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Details of Grant 

EPSRC Reference: GR/L96561/01
Principal Investigator: Lehman, Professor MMM
Other Investigators:
Stenning, Professor V Rustem, Professor B
Researcher Co-Investigators:
Project Partners:
Department: Computing
Organisation: Imperial College London
Scheme: Standard Research (Pre-FEC)
Starts: 24 April 1998 Ends: 23 April 1999 Value (£): 11,118
EPSRC Research Topic Classifications:
Software Engineering
EPSRC Industrial Sector Classifications:
No relevance to Underpinning Sectors
Related Grants:
Panel History:  
Summary on Grant Application Form
The FEAST/1 project originated in a 1994 hypothesis that software processes must be modelled and analysed as a feedback system if substantial improvement is to be achieved. The focus of the project is feedback control and process dynamics. The metrics based black box investigation of software evolution now underway seeks to identify feedback and feedback related behaviour in the collaborator processes being studied. It cannot reliably identify the source or explain the behaviour. This approach is, therefore, complemented by a white box analysis to reveal and permit construction of executable models reflecting structures and workings of the global software process. They describe and simulate not only technical activities, but also those influencing the direction or control of evolution from the domains within which the system is evolved and within which it is used. Turski and Perry have extensive practical experience prolonged involvement in software development, solid backgrounds in large scale, real world software evolution. Turski's mathematical, analytic and model interpretation skills complement Perry's involvement in software process modelling, empirical software process experimentation, interpretation of observations in terms of real development environments and his access to evolution data for telephone switching software. They supplement the skills and experience of the full rime project participants. Their continued participation in and planning and execution of the project and interpretation of its results will help ensure the best possible outcome. Each will make his individual contribution to data analysis and modelling determination of implications of feed-back control and interpretation of the observed process behaviour. They will also play an important role in relating observations to the FEAST hypothesis, to recognising potential process improvements and to development of systematic conceptual feedback-system-based framework for software process theory.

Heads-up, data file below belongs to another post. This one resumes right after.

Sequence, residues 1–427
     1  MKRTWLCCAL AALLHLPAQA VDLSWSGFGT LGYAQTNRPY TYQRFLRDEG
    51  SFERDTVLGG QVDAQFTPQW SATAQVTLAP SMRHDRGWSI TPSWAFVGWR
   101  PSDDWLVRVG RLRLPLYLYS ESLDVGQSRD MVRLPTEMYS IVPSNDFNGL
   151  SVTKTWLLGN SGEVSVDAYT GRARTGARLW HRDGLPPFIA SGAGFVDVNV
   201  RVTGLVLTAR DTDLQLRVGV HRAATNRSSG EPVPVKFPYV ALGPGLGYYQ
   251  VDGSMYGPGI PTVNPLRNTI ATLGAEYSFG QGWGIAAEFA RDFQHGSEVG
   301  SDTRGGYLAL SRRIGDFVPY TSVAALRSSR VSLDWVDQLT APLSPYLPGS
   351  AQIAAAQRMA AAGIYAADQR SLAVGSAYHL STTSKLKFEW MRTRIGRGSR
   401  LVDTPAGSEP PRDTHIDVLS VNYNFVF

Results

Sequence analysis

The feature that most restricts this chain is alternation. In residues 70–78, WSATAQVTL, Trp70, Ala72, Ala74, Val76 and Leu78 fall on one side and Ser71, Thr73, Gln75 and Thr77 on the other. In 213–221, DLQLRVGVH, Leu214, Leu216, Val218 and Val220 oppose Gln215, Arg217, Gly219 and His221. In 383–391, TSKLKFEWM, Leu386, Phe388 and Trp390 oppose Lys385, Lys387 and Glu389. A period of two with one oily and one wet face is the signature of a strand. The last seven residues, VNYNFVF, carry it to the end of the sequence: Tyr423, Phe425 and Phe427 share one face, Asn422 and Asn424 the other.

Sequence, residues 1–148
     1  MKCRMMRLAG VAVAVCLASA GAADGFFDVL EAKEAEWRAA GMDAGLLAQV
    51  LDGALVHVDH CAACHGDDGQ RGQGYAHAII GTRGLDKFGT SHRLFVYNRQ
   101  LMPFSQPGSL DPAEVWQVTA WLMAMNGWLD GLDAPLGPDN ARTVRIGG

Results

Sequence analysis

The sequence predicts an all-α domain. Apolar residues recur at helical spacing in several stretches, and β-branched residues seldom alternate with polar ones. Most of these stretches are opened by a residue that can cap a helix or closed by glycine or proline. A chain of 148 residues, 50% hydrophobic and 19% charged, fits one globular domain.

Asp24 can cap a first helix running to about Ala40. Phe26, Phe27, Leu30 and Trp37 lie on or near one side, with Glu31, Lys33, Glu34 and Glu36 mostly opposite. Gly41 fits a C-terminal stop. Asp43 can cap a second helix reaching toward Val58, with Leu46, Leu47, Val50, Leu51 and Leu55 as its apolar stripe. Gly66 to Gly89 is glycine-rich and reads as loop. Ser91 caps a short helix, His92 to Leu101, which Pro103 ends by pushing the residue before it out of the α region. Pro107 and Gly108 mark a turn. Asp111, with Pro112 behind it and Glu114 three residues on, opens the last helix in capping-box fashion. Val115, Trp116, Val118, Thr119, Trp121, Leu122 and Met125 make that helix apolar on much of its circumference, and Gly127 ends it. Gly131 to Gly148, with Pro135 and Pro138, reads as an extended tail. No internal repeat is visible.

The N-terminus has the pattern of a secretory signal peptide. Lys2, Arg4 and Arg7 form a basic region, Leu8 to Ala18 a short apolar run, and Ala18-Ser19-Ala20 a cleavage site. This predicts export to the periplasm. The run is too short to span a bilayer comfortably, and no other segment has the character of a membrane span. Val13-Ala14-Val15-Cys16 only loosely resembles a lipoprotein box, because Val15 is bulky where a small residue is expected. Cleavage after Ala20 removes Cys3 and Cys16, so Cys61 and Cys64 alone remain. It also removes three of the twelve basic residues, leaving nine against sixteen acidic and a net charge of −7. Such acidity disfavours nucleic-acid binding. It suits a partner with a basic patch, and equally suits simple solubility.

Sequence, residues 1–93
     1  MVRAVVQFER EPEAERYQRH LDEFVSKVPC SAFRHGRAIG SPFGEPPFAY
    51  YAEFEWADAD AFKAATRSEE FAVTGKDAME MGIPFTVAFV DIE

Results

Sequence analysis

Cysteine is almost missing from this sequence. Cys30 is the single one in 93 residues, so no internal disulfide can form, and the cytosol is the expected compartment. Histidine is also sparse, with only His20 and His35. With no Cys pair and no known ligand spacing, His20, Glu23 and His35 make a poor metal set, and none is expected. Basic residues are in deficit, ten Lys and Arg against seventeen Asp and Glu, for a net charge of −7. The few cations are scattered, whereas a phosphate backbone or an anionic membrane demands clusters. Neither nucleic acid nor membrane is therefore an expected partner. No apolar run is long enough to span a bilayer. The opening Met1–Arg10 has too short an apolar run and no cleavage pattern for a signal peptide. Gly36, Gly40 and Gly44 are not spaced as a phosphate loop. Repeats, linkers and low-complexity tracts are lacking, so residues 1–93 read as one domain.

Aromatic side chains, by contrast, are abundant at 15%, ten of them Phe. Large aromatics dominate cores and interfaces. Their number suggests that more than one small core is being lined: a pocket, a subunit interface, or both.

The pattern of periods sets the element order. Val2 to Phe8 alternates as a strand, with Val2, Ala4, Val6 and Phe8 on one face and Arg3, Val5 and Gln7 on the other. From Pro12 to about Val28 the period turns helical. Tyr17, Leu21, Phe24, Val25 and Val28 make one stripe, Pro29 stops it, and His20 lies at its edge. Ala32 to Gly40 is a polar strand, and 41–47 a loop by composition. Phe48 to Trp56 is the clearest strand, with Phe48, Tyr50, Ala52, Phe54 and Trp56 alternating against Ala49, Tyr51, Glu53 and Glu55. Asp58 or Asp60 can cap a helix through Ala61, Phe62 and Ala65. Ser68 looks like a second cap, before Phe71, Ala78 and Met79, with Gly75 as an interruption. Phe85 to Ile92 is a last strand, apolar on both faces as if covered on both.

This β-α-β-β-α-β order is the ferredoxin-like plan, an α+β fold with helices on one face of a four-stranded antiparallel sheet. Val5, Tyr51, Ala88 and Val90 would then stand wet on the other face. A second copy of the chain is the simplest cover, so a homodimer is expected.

Key Findings
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Potential use in non-academic contexts
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Date Materialised
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Organisation Website: http://www.imperial.ac.uk